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7/21/2010
10:54 AM
George Crump
George Crump
Commentary
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Storage Protocol Explosion

Today's Storage Manager is faced with more shared storage connectivity choices than ever. Off the top of my head there is SAS, iSCSI, NAS, AoE, FCoE and of course good old Fibre Channel. One would think that at some point there will be a shake out in storage but that doesn't seem to happen and when it does it seems like they are replaced with two or three new ones.

Today's Storage Manager is faced with more shared storage connectivity choices than ever. Off the top of my head there is SAS, iSCSI, NAS, AoE, FCoE and of course good old Fibre Channel. One would think that at some point there will be a shake out in storage but that doesn't seem to happen and when it does it seems like they are replaced with two or three new ones.When trying to decide between each of these protocols, compromises have to be made, some claim to be easier, others less expensive and still others higher performing. The storage manager's job is to select the protocol that offers the least compromise with the most benefit to the organization. Interestingly I am finding that a growing number of storage manufacturers are providing little to no guidance because they "do it all". Since many of the manufacturers can offer at least two or three of the protocols the tendency on some of their parts is to let you decide. That's fine if you know for sure which protocol you want to use but many storage managers are stuck trying to make that protocol selection.

Why would you select one protocol over another? Typically most storage managers are going to go with the choice that is already installed or the one they have the most experience with if you are dealing with a data center that has a clean slate. What would make you switch from something you know to something new? An alternative protocol would have to offer something completely new. Typically that is going to be something that brings down the price of your storage infrastructure investment, something that is easier and more flexible to manage or something that can deliver much higher levels of performance. Ideally it would be a new protocol that can do all of it.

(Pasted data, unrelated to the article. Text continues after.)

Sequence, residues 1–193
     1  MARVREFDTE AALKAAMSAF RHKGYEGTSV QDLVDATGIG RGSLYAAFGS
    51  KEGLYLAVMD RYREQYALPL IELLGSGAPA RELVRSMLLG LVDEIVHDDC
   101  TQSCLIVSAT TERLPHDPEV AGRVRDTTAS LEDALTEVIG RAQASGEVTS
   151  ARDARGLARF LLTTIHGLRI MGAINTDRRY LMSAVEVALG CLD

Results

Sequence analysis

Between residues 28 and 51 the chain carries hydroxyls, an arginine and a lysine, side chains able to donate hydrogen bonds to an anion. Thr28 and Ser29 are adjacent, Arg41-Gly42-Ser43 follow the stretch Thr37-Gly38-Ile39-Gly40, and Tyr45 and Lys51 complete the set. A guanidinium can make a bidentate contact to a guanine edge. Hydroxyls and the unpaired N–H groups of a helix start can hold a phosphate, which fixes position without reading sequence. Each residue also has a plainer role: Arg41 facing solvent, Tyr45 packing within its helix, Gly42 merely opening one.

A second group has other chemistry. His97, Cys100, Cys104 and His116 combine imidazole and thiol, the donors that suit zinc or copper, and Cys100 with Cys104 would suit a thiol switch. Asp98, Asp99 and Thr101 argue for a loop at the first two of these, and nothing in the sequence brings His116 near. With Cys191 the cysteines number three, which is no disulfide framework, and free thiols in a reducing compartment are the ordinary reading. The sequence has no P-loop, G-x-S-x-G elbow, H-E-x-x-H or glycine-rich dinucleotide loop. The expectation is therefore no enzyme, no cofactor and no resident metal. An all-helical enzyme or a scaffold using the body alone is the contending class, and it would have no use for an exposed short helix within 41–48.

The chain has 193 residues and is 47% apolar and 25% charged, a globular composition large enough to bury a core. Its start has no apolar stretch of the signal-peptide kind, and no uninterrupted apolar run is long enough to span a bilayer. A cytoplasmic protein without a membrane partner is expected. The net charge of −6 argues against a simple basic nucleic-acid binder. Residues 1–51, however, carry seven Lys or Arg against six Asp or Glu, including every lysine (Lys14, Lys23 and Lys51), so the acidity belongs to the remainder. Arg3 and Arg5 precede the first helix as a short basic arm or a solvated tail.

The truth is that as most shared storage implementations start, almost any protocol can be used and deliver a similar result. It is fair for some protocols to claim that some start out easier and less expensive than others, but we find as environments scale the infrastructures all become increasingly complex. What seems to make one installation be able to scale and grow better than another is not only dependent on the underlying protocol selection but also with the capabilities of the storage system. In short an intelligent storage system can make alleviate the complexities of scale.

There are two ways to handle scale in the storage environment. First you can make the infrastructure simpler by having it learn to adapt to changes. For example have it automatically take advantage of new paths and either re-rout or effectively use all available ports and connections. Second you can make the storage system itself better handle scale by either being able to present one managed pool of storage that can take advantage of multiple storage processors and storage I/O connections as needed. While the choices you have will ease some of the burden, reality is that as your environment grows, making sure it is operating at peak efficiency will require effort and knowledge on your part. Nothing will ever take away the importance of a skilled storage manager.

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George Crump is lead analyst of Storage Switzerland, an IT analyst firm focused on the storage and virtualization segments. Find Storage Switzerland's disclosure statement here.

 

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